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Habit Check In!

Updated: Feb 10, 2022

We’re not big on New Year’s resolutions. People get blasted with New Year, New You shenanigans for about a week, then you’re on your own.

A habit takes A MINIMUM of 18 days to form. Notice my capital italic letters there? Here’s the science. James Clear is a habit guru and a very enjoyable read for anyone looking into habits. It takes a minimum of 18 days, an average of 66 days; and in one study it took up to 264 days to create a habit. I’m sorry if I just put salt on your Cheerios but let’s be real - creating a habit is hard! Habits, goals, resolutions whatever you’d like to call them are very necessary and uberly important. They should be evaluated daily, or at least written down somewhere where you must look at them every day. New Year, New You, No Thanks! A year consists of months, which consists of weeks, which consists of days, which consists of hours. Win the day, win the hour, start winning a lot more than you lose (nobody’s perfect) and the year is a foregone conclusion! Here are some quick habit tips

1. Do it daily for the first thirty days. Setting a goal to do something once a week is actually harder than getting in the routine of doing something every day. For example, if you want to make a habit out of the gym, start getting ready for work at the gym, even if you don’t work out. On the days you’re rushed maybe a quick fifteen minutes on the stepper is doable. 15 minutes of steps is definitely something! Also, on the days off you can utilize the steam, sauna or hot tub to work on some meditation (the head space app is great!) or listen to an awesome book, or podcast. 2. Do not expect perfection. If journaling every morning is your goal, write down at least one sentence every morning. Use someone else’s journal guide (this is an outline for a great five minute journal). This way you can pretend like you’re Hemingway on the weekends, but you create the habit of daily journaling. The rarity will be one sentence, the norm will be one page, but you won’t break the habit. 3. Keep a calendar on the fridge and X off the days you accomplished your goals with your habit. Just seeing how awesome you're doing will make it easier to keep going in the right direction, and it will create a little adrenaline response. It feels good! 4. Know your “why.” Make it big and sexy, or devastating. Tony Robbins is the master of this lesson. For example, Jane wants to quit smoking and says, “I want to be a little healthier so I should stop.” While Sarah says, “I want to quit smoking so I can be an active, physical influence in my grandchildren’s life.” Who has the leverage to quit? 5. Remove temptation! 6. Quantify the benefits. For example: if you want to stop watching TV and you watch TV on average of one hour per day. That’s 30 hours per month, or 365 hours per year. Maybe that 365 hours per year could be spent doing something cool with your kids. Maybe it’s another degree, or a small business. Maybe its 365 hours of mind clearing meditation. Whatever it is, that’s a significant amount of time. 7. Remember the cycle: cue, routine, reward. In example: Cue – get into car. Routine- smoke a cigarette or two. Reward- less anxiety while driving. OR: Cue – get into car. Routine - practice breathing exercises (maybe take a little CBD). Reward – less anxiety while driving. Maybe even spice the reward up a little when you do a good job with your cue and routine? Going back to Sarah from earlier, she could visualize herself running around and playing with grandkids. What a reward! This is also the idea of Pavlov’s dog. The bell rings, the dog salivates because the dog learned to associate the bell with food. Design your own cue, routine, reward system. At least figure out what cue, routine, reward cycles you are currently in and be aware of them. Phone notifications are a biggie! 8. Put your money where your habit is! A few hundred to a few thousand dollars (make it sting but don’t go for broke). Bet someone close to you that you won’t cheat on your habit. If you lose you have to donate that money to a charity you hate, or donate it to a campaign for a political party you strongly dislike.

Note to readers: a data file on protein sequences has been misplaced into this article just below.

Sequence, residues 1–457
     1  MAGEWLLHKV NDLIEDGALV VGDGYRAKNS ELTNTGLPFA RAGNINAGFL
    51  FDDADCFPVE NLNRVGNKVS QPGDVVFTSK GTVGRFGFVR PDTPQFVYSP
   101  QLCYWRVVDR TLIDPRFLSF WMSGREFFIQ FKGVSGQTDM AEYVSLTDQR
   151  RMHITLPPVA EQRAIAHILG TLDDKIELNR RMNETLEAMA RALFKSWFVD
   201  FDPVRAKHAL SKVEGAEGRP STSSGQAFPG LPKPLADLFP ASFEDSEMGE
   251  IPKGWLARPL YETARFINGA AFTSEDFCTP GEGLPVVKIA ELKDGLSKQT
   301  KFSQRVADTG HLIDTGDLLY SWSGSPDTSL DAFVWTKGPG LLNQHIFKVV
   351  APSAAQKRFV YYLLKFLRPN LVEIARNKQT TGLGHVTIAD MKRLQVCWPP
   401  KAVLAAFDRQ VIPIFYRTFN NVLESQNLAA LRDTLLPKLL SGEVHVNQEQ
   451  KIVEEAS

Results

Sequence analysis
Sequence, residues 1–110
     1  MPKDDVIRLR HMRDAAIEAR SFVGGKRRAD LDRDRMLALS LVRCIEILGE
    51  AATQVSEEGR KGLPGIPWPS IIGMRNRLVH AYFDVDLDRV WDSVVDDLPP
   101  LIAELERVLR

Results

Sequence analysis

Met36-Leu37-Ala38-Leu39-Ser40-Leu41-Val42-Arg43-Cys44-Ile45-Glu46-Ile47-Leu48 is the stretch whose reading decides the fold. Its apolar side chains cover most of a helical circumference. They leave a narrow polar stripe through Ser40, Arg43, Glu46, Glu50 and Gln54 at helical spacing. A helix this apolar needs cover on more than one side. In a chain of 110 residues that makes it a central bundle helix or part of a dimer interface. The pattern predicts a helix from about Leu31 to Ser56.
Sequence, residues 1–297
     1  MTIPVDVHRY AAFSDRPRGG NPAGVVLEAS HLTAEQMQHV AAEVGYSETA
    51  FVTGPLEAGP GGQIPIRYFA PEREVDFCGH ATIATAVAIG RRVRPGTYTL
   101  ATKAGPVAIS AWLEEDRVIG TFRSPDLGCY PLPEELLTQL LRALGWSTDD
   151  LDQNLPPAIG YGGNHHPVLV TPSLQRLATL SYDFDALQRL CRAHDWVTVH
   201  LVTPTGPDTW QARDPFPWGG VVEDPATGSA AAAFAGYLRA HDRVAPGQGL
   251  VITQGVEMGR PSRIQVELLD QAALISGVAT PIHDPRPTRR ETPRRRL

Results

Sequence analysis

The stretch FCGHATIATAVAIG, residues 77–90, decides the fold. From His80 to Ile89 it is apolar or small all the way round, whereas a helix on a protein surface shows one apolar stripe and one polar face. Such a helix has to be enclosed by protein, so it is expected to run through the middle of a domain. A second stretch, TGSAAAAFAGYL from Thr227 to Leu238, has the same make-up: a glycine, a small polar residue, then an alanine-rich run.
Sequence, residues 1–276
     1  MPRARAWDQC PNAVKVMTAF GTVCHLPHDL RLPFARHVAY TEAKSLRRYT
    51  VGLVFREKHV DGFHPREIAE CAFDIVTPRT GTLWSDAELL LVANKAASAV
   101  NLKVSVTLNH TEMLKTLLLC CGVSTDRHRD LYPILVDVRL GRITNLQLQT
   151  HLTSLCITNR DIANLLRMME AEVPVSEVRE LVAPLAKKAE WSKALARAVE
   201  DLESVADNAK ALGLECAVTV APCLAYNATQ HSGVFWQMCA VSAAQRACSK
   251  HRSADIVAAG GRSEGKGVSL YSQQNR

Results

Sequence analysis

I hope this helps you all stay on track for 2022!

Until next time.

Stay healthy, my friends!

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